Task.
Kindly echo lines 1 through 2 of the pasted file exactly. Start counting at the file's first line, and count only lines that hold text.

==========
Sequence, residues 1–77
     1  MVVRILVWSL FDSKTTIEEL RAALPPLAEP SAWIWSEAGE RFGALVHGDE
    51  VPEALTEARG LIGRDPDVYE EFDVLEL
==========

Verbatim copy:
Sequence, residues 1–77
     1  MVVRILVWSL FDSKTTIEEL RAALPPLAEP SAWIWSEAGE RFGALVHGDE